Food systems account for up to 29% of global greenhouse gas emissions, within which agriculture accounts for up to 86%.  There is an urgent need for a managed transition to systems and technologies that swiftly reduce the impact of food production on global warming by reducing carbon, methane and nitrogen emissions.  We should take action to increase carbon sequestration through effective soil management, to increase renewable energy production from farm land, and to implement new technologies that reduce our reliance on oil-hungry farm machinery.

Pillar two – Integration with biodiversity

Biodiversity boosts productivity.  It includes the microbial life forms that improve soil health, as well as the plants, insects, birds, and larger mammals we generally associate with the countryside.  Unfortunately, our biodiversity is in dramatic decline.  The RSPB’s State of Nature report in 2013 showed that 60% of UK species have declined over the last 50 years, and 31% have declined strongly.  Good integration between agriculture and biodiversity will require that measures are taken to improve the land’s productivity and resilience.

Pillar three – Feeding people well

Good food helps people to work hard and enjoy a happy life.  In transforming UK food production to an affordable and sustainable model we will improve people’s desire and ability to work, and reduce the burden of ill health on the economy and on the NHS.  A McKinsey and Company report in 2014 found that obesity alone cost the UK economy £47bn a year (3% of GDP).  In the future, tasty, nutritious food should be produced to high ethical and environmental standards by people who feel proud of what they do and valued in their work.  When high standards are communicated effectively to consumers, more citizens will be able play a role in motivating and rewarding producers who take risks and invest in better systems and good quality products.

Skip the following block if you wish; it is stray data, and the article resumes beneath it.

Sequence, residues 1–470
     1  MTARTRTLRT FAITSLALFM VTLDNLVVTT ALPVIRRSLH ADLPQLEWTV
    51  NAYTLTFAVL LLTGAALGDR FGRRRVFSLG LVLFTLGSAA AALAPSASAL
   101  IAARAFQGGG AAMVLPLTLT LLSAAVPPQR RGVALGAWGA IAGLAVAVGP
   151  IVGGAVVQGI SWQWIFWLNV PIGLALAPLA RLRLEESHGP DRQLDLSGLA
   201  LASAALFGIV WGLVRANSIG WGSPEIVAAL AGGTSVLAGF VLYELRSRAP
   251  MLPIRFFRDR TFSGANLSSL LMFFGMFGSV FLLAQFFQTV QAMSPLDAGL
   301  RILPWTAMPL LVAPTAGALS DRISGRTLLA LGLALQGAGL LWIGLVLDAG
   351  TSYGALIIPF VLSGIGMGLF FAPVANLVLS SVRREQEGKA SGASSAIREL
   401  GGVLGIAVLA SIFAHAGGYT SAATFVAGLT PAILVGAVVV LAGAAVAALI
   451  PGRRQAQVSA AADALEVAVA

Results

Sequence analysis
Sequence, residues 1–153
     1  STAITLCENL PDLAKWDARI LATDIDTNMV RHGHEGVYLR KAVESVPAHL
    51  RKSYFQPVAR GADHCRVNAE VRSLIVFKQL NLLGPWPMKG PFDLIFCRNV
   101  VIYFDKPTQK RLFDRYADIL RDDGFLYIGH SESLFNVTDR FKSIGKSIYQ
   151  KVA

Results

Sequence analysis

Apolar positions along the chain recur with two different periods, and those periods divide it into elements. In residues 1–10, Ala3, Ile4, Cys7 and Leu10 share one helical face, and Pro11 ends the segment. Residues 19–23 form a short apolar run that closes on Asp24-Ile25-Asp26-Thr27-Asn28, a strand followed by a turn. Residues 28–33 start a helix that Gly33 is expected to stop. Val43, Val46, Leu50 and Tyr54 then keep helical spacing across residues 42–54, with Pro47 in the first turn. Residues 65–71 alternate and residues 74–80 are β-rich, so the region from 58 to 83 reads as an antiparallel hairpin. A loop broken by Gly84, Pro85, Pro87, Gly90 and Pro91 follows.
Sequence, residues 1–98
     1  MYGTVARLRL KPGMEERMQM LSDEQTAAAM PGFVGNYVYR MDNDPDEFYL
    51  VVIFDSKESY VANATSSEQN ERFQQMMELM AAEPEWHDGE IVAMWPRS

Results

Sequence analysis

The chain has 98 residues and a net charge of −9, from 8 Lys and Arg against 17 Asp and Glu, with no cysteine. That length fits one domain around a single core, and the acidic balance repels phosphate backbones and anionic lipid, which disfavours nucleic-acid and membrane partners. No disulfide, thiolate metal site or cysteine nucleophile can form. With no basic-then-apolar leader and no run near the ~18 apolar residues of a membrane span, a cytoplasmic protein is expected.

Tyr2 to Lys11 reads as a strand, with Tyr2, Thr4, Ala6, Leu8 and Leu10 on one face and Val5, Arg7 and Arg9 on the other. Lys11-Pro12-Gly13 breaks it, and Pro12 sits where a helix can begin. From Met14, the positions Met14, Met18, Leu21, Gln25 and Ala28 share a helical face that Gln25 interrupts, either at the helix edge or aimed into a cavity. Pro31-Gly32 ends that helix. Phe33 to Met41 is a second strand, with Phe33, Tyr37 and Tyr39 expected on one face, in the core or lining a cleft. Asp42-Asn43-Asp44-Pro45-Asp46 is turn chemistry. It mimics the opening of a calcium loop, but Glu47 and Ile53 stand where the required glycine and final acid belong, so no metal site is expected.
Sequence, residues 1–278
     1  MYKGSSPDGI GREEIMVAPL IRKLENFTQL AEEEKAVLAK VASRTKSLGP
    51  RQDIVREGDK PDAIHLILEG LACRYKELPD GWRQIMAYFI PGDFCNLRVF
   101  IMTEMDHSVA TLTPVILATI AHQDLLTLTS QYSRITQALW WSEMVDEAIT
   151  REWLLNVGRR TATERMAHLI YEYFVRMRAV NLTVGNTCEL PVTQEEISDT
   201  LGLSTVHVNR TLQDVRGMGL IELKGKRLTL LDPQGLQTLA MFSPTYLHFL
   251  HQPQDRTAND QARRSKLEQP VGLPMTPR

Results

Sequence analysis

Appendix Two

Policy goals for secure and sustainable food

The next layer of policy architecture should be tactical.  We have developed a number of clear goals, which when delivered together will ensure food produced in the United Kingdom is economically, environmentally, and ethically sustainable.

Goals for Secure and Sustainable Food – All farmed food, on land or at sea


Farming families

– All farms, on land or at sea, are profitable

– A good life for all farm workers

– A vibrant industry provides opportunities for new entrants



– Diets are healthy and diverse

– Farms contribute to community life and rural development

– Every farm improves the climate resilience of its surrounding landscape


Farm animals and nature

– No routine behavioural mutilations

– Every farm animal has the freedom to express natural behaviour

– Biodiversity is increasing on all farms

– No routine use of antibiotics



– Farms have healthy soil and clean water

– Farms are net exporters of energy

– Farms are waste and carbon neutral

– Farms have good water management and are weather-resistant



– Financial support is targeted to deliver sustainable food production

– Legislation protects the welfare of all farm animals

– Farm system labelling on all products

– Outcome-based assessments are required as a route to market